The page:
Environmental protest in the Czech Republic has changed quite considerably since 1989. In terms of the political influence and capacity of environmental NGOs, there has not been a linear progression towards increased efficacy and pluralisation. Rather, it is possible to discern three distinct stages: an initial phase of political prominence and apparent radicalism (1990-mid 1991); a period of political marginalisation and de-radicalisation (mid 1991-96); and a current phase (1996 onwards) in which a cluster of large professional environmental NGOs have regained a degree of influence.
Adam Fagin, School of Social and Historical Studies, University of Portsmouth, UK


Mobilization in La Hague : between expertise and the radical protest
In the space of a few months, the nuclear reprocessing plant became the symbol of nuclear pollution,. Yet, La Hague has existed for more than 30 years and has never provoked such emotion, with the exception of the glorious moments of the antinuclear protest. So, what are the factors which may explain that, owing to events of 1997, the plant in La Hague and its sanitary and environmental consequences became a public problem?
Olivier Baisnée, 1999, Centre de recherches administratives et politiques. Institut d'études politiques de Rennes.


The Profile of Recent Environmental Protest in Germany
Several observers have stated that the German environmental movement is among the strongest and most active in the world. Moreover, the movement is perceived as being fairly radical when compared to its counterparts in most other countries. According to more recent accounts, however, this picture has changed. Some analysts claim that the movement is in decline, or has virtually ceased to exist. Others maintain that the movement is still there, but has lost its zeal due to a gradual process of institutionalisation, in particular, to the co-optation of the movement's leadership.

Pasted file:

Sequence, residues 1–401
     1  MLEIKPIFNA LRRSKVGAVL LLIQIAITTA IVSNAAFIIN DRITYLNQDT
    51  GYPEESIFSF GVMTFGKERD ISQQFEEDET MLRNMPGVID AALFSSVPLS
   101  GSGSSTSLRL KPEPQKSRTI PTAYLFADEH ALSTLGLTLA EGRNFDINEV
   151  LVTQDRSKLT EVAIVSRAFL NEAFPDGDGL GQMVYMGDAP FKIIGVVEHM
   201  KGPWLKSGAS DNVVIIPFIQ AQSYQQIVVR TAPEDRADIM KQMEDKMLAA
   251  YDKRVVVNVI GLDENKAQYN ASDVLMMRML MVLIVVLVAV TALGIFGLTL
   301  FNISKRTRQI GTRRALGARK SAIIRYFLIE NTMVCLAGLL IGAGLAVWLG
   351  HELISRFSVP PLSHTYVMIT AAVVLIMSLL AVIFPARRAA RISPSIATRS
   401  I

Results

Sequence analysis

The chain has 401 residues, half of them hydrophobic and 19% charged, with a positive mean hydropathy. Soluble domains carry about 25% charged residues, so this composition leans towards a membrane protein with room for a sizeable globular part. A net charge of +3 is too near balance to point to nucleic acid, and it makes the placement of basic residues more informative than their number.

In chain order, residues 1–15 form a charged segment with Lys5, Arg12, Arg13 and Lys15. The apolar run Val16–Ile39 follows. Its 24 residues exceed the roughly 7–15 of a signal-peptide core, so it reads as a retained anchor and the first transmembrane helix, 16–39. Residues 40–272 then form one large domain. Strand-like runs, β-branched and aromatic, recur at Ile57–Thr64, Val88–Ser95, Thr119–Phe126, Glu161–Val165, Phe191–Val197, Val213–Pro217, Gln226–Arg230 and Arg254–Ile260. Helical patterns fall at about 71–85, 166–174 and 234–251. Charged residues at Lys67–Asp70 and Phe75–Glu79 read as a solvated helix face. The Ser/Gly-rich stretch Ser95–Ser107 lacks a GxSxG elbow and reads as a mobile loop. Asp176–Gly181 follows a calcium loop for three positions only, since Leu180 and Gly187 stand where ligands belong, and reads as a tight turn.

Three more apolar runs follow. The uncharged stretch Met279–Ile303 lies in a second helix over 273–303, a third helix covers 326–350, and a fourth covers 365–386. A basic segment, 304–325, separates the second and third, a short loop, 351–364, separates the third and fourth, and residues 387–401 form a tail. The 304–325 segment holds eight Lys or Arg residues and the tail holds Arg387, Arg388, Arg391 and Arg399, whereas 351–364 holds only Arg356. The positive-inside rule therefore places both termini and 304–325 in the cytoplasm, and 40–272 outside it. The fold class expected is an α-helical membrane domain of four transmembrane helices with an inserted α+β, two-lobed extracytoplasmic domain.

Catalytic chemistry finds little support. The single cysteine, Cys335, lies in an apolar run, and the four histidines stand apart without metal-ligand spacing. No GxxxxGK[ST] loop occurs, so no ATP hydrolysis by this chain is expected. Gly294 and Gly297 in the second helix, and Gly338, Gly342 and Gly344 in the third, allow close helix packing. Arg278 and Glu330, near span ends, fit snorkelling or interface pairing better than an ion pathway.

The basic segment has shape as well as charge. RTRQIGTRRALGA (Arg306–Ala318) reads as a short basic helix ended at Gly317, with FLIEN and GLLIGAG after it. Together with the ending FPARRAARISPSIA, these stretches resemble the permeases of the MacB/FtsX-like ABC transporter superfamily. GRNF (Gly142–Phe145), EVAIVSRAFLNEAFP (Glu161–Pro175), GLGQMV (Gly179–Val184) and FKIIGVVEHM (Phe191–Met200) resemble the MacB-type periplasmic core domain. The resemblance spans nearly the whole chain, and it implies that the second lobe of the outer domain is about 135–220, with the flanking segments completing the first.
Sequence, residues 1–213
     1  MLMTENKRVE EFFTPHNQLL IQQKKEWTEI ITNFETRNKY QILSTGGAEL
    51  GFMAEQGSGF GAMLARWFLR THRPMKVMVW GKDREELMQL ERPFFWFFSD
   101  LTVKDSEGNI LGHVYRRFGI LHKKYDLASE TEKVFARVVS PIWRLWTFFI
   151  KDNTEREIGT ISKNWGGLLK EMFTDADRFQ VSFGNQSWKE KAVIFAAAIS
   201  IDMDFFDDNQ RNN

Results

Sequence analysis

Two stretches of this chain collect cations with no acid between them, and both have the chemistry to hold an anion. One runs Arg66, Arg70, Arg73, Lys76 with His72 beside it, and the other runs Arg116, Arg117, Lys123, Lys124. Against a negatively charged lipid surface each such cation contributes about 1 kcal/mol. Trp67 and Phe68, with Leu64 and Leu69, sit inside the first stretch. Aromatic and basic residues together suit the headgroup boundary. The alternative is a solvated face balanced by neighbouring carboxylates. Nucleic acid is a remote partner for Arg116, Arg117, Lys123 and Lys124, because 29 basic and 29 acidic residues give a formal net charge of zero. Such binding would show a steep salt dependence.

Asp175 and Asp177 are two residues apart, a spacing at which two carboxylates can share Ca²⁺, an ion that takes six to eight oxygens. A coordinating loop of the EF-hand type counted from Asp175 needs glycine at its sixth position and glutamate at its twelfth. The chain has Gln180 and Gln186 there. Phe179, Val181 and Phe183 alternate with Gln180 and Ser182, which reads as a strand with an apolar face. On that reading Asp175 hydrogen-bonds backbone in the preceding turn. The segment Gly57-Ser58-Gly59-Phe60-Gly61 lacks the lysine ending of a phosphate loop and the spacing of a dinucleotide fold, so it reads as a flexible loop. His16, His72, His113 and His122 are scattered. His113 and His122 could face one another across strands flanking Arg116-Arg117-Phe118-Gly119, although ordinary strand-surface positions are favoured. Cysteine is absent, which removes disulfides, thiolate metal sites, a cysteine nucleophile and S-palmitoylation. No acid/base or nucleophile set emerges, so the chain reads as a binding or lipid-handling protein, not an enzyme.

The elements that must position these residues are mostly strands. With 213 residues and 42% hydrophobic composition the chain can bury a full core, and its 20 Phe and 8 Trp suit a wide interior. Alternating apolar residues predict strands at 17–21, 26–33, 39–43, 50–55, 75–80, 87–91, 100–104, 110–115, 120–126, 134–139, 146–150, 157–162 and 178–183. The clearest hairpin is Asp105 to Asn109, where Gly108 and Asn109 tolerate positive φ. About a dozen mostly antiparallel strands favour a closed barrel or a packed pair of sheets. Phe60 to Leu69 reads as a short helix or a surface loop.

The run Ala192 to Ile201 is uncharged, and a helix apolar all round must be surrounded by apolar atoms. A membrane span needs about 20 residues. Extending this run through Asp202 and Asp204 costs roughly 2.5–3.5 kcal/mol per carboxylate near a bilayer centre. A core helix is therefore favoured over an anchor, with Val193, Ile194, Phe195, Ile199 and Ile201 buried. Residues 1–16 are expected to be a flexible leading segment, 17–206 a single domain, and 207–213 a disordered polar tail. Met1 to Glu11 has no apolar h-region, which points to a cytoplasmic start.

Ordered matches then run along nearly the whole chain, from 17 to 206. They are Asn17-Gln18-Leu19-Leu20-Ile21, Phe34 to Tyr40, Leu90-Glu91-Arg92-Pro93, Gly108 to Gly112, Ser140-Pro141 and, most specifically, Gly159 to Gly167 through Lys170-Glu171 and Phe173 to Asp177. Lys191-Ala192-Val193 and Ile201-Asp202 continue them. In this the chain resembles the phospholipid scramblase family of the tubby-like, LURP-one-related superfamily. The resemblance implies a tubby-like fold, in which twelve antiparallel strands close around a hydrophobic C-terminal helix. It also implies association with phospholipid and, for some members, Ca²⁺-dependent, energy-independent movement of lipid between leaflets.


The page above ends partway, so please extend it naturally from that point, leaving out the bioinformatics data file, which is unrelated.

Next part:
By Dieter Rucht, Paper presented for the Workshop on "Environmental Protest in Comparative Perspective" at the 27th Joint Sessions of ECPR Workshops in Mannheim, 26-31 March, 1999.

Die Anfänge der Anti-Atom-Bewegung in der Bundesrepublik Deutschland
In der Bundesrepublik Deutschland wurde nach einer jahrzehntelangen Auseinandersetzung nun in diesem Jahr in einer Vereinbarung zwischen der Bundesregierung und den Energie- versorgungsunternehmen („Atomkonsens") ein Ende der zivilen Atomenergienutzung beschlossen. Inhalt dieser Arbeit soll es sein die Entstehung der deutschen Anti-Atom-Bewegung zu betrachten. Die Frage, die im Mittelpunkt der Arbeit steht, ist diejenige, wann, wie und warum die Bewegung entstanden ist.
Marco Rieckmann, Student der Umweltwissenschaften (Universität Lüneburg), 25.08.2000


Nuclear suppression
This article draws attention to a number of cases where it seems that scientists and technologists have been penalized in various ways for having views opposed to those of the nuclear industry. Publications may be suppressed, through to careers being destroyed. The examples come from many countries.
Brian Martin. Published in Science and Public Policy, volume 13, number 6, December 1986, pages 312-320.


The Nuclear Syndrome. Victory for the Irish Anti-nuclear Power Movement
A victory was won. And while that victory had more to do with economic questions and the international concern over nuclear power, the Irish anti-nuclear power movement had done an important job in conscientising people as to the dangers. It is good to be able to tell a success story, and you'll find it an exiting read. And if we are able to learn some lessons about organising present and future campaigns then the read will indeed have been a worthwhile one...